Where were you when the exit poll came in?
Wherever you were, I doubt you’ll ever forget it. Because when big news arrives, time stands still. It’s like a mini Vesuvius – a world-altering tremor, capturing time in its wake and somehow preserving it.
On Thursday night, I was sat in a restaurant with my boyfriend. We’d just been to see a documentary and I was looking forward to talking about the film over dinner. But when we sat down to eat, the film didn't seem to matter, not in that moment, anyway. It didn’t seem to matter, either, that earlier that day the former head of the FBI was referencing Thomas Becket in an attempt to accuse the president of the United States of foul play. Because nothing seemed to matter. We were simply waiting for 10pm, with all the excitement of waiting to hear if a flight is delayed.
And then 10pm came and that’s when time stopped. I watched my boyfriend’s stunned face lit up by the screen of his phone, as he shook his head in disbelief. “A hung parliament,” he said, as if trying to say a phrase in a language he didn’t know.
Because, out there, everything was still. I was still, my mind was still, time was still. It couldn’t be refreshed or retweeted. It couldn’t be manipulated and stolen by the chatting mania of media voices
In the last three days, this country has had one hell of a shock. “I know nothing. We know nothing,” Jon Snow of Channel 4 News said. We’ve all been ambushed and now we’re trying to figure out from which direction the attackers came from. “It's the revenge of the young,” said Matthew Parris. Theresa May’s campaign was terrible, said everyone. It had nothing to do with May – it was Corbyn’s magic, you bunch of Neoliberal elites, said Twitter. It was a vote against hate, said some; a vote for change, said others. It was the power of hope and optimism, said the Guardian's Gary Younge and Polly Toynbee and a lot of my Facebook feed. It was the anti-austerity vote that Miliband couldn’t muster, said many. It was the demise of the right-wing press, nearly everyone cheered. And then all bets were off – Kensington went red.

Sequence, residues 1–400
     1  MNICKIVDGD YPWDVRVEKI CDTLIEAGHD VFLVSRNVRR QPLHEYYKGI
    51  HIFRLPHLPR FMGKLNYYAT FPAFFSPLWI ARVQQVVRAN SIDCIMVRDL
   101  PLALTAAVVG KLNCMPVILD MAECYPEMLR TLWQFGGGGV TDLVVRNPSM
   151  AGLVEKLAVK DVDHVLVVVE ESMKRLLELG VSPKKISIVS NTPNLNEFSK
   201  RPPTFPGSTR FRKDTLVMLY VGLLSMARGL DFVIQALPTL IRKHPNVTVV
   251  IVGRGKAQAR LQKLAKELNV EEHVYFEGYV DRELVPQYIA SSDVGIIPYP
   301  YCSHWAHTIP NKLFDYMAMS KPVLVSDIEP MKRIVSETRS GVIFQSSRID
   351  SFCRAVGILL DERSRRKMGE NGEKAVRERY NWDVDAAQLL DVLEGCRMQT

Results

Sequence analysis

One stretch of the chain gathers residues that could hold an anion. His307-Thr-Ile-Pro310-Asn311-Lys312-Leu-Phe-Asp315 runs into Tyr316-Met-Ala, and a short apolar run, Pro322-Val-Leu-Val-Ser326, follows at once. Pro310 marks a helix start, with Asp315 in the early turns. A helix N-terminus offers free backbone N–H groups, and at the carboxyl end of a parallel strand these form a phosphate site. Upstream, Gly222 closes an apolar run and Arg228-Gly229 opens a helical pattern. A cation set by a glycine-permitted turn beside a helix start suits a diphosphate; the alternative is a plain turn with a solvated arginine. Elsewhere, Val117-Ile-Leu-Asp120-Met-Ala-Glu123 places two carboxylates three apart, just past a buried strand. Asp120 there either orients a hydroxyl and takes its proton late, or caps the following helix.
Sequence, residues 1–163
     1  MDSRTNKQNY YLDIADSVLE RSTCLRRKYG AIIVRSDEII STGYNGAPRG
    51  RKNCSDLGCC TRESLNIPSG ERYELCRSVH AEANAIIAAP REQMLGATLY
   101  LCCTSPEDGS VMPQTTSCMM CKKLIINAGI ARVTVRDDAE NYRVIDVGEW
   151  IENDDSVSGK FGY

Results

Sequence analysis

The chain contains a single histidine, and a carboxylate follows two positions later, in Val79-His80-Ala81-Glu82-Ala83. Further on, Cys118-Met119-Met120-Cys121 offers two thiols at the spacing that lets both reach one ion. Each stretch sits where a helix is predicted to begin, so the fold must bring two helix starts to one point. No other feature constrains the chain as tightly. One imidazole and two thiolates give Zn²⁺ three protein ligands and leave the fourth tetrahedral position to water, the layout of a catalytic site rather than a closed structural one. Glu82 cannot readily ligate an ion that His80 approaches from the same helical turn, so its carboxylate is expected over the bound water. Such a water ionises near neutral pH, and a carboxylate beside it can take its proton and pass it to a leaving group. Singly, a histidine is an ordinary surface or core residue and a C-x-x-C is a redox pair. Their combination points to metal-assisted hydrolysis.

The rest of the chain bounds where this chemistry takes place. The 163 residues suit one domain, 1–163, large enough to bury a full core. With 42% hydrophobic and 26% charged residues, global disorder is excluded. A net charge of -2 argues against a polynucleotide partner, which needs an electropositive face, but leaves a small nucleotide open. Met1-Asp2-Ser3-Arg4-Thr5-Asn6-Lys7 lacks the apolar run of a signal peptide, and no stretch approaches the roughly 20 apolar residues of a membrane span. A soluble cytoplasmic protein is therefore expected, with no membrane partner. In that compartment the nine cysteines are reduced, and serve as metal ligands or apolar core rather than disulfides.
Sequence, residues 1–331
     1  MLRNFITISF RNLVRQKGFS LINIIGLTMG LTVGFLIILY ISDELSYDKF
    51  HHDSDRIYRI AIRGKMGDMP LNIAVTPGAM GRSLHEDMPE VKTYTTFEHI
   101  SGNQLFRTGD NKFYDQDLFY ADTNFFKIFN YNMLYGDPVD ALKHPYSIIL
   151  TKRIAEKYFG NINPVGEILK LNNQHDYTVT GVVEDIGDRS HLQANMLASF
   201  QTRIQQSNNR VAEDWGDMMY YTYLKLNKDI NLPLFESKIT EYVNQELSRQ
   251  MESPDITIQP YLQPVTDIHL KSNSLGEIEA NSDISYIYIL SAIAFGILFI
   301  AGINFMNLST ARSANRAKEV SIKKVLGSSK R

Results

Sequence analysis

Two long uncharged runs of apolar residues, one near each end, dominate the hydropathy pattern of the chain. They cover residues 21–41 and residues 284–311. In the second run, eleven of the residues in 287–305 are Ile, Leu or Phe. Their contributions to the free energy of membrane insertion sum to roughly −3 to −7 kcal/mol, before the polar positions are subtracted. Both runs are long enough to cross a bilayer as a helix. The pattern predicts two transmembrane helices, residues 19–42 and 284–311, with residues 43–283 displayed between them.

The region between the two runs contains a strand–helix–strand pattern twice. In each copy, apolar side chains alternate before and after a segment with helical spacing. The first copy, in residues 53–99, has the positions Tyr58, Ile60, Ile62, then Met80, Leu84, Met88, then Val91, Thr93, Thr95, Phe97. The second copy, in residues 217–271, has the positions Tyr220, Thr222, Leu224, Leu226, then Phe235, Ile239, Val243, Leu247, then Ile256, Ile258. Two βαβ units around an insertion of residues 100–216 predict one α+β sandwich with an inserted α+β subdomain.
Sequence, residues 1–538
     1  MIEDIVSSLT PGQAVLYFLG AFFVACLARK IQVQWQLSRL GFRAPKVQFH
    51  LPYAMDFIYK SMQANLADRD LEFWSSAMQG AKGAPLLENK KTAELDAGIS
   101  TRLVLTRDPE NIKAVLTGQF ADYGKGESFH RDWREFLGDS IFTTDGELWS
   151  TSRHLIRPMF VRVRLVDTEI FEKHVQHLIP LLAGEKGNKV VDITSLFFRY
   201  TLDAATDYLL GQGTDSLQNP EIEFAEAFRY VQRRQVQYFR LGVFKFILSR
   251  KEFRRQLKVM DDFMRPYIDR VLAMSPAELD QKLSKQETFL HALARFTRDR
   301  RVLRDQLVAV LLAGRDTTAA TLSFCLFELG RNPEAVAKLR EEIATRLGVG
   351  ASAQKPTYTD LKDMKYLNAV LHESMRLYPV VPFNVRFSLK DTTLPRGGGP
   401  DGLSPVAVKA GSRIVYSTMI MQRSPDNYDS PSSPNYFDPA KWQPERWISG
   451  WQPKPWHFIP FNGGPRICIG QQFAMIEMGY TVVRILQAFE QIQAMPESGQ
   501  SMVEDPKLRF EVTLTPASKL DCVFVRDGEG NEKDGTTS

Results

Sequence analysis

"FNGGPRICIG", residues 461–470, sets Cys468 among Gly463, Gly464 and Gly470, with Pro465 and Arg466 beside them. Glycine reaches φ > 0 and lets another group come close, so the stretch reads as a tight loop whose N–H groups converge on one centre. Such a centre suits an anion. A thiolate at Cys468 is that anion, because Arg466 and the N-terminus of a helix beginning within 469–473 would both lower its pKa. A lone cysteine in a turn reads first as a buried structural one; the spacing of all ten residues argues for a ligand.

And, since then, endless streams of opinion and theories have been smeared over the internet and the TV and the radio. And, for the last 72-ish hours, the pundits have chattered and the columnists have scribbled. And, very quickly, I began to feel exhausted, trying to keep up with the cartoons and memes, the cabinet reshuffles and the political back-stabbing played out on Sunday-morning television by the very person who created the policies that allegedly this election result was a protest against.
And I began to be tired by who was eating humble pie and who wasn’t. Tired and confused. “I was wrong,” they all said, “Corbyn *is* electable.” (Except he wasn't elected.) And Corbyn is still offering to lead the country. (Except that’s not actually possible, because even if all the other parties agreed, he still wouldn’t have enough seats.) And everyone wants to know when May will go, but that seems like a hard question to answer when a) she is clearly not adverse to throwing others under a bus first and b) she is still pretending that the election she called never happened. And the tremors of our mini Vesuvius just kept coming: May is doing a deal (but definitely maybe not a coalition) with the DUP, who deny science, dignity and human rights; Boris Johnson might be the next prime minister; and, if you squint and tilt your head, much like studying an Impressionist painting, for the first time in a long time the Labour party looks united.
Isn't anyone else exhausted?
So, on Sunday, we drove out of London, we turned off Radio 4 and we lost the 4G. We parked by a small, shallow river, nestling between two banks of English summer greenery. My boyfriend disappeared, fly-fishing for trout. I sat in the sun. And, once again, time paused, not out of shock, but out of a power bigger than push notifications, because indeed time waits for no man, not even Anthony Lane, the guy who wrote the hilarious New Yorker piece which was trending over the weekend. And, no, I didn’t sit in the peace and quiet of the English countryside and have any sort of revelation. I didn’t suddenly understand the multiple factors that caused the biggest Labour surge since 1997, nor did I see into the future to a point when May will go or there'll be a(nother) general election, nor predict what old wounds may now be reopened in Northern Ireland.
Because, out there, everything was still. I was still, my mind was still, time was still. It couldn’t be refreshed or retweeted. It couldn’t be manipulated and stolen by the chatting mania of media voices. Those voices were lost on the wind and no one was chasing their own tails with righteous opinion, tripping over trap wires made up of other people’s indignation, repeatedly asking questions no one had the answers to, or producing emergency versions of their late-night politics show.
The flow of the river just went on, forward, simply, unquestioningly. The breeze pushed clouds across a wide sky.
The one thing we do know right now is we seem to know very little. So, maybe – just for a moment – we all need to take a minute, catch our breath and pause.